The Commission adopted a proposal for a directive on collective rights management and multi-territorial licensing of rights in musical works for online uses. The proposal aims at ensuring that rightholders have a say in the management of their rights and envisages better functioning collecting societies as a result of the set standards all over Europe. The proposed directive will also ease the licensing of authors' rights for the use of music on the Internet. This should lead to improved access to and more offer of music online.
The Commission has now completed the assessment of Europe’s online music sector in the light of the Commission Recommendation 2005/737/EC of 18 October 2005 on collective cross-border management of copyright and related rights for legitimate online music services. The attached “summary report” presents the results of the monitoring. The “call for comments” launched on 17 January 2007 yielded 89 replies from a wide variety of stakeholders that have a direct or indirect interest in how music is licensed for online services that are accessible across the Community. All 79 non-confidential contributions are now made available on this website.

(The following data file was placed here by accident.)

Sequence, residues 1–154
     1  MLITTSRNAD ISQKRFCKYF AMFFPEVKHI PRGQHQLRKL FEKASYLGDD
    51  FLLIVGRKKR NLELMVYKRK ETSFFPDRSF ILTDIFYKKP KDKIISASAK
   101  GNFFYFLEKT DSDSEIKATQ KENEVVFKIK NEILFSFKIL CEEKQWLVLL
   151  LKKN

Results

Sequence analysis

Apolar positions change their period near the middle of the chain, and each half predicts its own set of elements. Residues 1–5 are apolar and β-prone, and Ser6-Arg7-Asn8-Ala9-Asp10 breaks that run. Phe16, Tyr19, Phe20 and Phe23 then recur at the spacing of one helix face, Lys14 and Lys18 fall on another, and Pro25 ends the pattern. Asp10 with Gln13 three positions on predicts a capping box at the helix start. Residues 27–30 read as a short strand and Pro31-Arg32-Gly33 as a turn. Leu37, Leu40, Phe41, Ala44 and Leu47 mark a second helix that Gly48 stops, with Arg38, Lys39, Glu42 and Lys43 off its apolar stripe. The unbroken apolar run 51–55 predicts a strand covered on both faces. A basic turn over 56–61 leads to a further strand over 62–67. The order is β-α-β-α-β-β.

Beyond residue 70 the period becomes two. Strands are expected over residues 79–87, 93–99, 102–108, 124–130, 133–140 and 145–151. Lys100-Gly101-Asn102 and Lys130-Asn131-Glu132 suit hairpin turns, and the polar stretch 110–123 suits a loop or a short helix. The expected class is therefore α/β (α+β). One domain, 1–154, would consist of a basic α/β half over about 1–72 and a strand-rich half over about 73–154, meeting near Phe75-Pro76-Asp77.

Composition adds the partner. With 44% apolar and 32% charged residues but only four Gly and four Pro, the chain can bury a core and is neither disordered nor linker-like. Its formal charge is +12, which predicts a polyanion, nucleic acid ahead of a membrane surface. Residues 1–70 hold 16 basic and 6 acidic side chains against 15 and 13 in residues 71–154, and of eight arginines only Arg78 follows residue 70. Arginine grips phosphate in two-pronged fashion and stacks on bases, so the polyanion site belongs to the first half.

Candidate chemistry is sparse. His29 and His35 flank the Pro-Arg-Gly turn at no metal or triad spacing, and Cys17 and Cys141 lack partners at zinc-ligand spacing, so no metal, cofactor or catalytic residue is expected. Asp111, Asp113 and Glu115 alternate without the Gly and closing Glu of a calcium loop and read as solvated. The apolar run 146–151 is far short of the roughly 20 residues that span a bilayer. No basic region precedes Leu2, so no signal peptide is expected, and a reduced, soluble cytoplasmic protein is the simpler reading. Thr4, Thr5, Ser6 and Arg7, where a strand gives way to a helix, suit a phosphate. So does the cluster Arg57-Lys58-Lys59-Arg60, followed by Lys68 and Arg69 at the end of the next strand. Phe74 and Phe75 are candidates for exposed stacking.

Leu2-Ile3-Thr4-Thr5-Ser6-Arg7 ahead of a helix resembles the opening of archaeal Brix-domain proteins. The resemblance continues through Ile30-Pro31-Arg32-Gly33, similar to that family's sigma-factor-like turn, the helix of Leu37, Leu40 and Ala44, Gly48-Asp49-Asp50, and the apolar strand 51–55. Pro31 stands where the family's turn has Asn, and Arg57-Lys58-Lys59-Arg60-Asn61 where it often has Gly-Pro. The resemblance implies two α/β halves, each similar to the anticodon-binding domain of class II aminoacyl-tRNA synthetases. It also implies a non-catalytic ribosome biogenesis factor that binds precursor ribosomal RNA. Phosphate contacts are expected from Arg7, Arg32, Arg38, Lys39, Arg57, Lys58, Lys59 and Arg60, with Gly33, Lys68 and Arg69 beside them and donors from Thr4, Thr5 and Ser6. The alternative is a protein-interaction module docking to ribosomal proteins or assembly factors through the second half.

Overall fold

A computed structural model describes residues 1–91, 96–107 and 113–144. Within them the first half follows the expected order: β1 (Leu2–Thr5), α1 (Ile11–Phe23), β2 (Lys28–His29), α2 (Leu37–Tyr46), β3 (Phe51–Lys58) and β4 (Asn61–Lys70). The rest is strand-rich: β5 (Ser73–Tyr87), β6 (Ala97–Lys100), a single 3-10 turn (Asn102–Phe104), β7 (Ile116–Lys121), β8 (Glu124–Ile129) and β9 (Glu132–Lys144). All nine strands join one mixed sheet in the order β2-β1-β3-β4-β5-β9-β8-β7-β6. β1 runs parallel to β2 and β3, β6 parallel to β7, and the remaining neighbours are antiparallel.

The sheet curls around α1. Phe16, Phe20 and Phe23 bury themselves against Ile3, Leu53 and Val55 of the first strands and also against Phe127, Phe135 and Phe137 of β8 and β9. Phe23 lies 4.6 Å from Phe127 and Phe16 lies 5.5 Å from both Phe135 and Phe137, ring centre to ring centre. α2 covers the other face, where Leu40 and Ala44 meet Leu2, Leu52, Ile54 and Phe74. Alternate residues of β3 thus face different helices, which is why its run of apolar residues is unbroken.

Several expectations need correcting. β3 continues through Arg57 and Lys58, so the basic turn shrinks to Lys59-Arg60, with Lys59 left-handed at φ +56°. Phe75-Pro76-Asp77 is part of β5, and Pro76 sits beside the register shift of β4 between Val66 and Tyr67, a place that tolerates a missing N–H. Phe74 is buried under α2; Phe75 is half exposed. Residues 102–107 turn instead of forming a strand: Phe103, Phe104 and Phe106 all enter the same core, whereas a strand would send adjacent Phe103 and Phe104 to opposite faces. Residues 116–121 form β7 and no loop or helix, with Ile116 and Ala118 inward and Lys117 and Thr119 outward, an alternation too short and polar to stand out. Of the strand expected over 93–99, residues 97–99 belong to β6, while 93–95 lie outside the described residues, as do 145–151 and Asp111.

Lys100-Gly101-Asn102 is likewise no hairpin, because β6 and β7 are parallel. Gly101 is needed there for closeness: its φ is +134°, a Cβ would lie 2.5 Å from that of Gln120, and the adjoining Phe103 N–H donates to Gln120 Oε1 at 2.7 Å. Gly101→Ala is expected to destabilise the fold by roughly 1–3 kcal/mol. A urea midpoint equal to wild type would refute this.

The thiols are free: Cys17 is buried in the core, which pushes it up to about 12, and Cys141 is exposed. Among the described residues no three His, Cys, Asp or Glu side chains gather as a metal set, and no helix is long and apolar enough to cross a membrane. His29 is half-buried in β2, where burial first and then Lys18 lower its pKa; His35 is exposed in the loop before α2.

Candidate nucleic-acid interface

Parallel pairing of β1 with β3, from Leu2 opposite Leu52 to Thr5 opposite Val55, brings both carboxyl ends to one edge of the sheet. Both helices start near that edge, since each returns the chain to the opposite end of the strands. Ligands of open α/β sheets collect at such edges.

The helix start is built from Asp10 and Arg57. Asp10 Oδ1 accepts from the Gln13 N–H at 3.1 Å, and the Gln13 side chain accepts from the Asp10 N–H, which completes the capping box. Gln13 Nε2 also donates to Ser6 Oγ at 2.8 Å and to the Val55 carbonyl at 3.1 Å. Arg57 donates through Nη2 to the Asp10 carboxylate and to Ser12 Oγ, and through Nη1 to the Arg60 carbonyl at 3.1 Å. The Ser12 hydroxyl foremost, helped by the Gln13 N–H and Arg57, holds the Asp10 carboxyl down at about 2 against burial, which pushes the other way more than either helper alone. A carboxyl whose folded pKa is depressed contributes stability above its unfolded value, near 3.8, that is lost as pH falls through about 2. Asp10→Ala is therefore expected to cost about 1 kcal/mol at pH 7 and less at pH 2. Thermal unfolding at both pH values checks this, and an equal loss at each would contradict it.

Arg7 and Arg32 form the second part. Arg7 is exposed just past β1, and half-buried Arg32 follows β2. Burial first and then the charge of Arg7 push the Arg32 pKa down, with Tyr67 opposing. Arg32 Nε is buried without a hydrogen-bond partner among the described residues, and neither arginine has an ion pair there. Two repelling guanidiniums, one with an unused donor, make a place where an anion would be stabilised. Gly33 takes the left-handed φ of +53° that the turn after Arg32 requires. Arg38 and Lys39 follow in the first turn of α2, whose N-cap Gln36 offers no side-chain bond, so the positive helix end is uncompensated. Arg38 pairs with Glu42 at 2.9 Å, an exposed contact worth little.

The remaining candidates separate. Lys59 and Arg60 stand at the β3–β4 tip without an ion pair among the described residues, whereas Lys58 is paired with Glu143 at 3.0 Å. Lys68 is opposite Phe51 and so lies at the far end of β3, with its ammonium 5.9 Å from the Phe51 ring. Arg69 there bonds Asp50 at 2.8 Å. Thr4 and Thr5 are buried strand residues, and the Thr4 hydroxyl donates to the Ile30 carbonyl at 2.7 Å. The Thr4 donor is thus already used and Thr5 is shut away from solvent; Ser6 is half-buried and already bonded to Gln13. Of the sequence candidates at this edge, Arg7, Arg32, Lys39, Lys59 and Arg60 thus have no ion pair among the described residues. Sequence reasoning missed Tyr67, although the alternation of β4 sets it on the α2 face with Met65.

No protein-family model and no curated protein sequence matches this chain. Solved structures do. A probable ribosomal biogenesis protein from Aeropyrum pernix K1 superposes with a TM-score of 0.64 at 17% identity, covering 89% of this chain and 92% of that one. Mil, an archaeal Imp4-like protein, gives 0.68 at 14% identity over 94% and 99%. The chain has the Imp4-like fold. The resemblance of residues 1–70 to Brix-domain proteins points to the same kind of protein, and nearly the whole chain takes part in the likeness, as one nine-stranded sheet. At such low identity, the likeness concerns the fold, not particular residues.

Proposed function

The Governance of Collective Rights Management in the EU, Brussels (23.04.2010)
On April 23, 2010, the European Commission held a Public Hearing on the Governance of Collective Rights Management in the EU. The aim of the hearing was to explore how the relationships between copyright owners, collecting societies and commercial users of copyright have evolved over time.
- Final agenda
- Speeches and presentations:
- Panel 1 – Relationship between Collective Rights Managers and their Members
- Panel 2 – Relationship among Collective Rights Managers
- Panel 3 – Relationship between Collective Rights Managers and Commercial Users
The European Commission has adopted a recommendation on the management of online rights in musical works. The recommendation puts forward measures for improving the EU-wide licensing of copyright for online services. Improvements are necessary because new Internet-based services such as webcasting or on on-demand music downloads need a license that covers their activities throughout the EU. The absence of EU-wide copyright licenses has been one factor that has made it difficult for new Internet-based music services to develop their full potential.
Music copyright: Study on a community initiative on the cross-border collective management of copyright
- Study on a community initiative on the cross-border collective management of copyright
- Frequently Asked Questions
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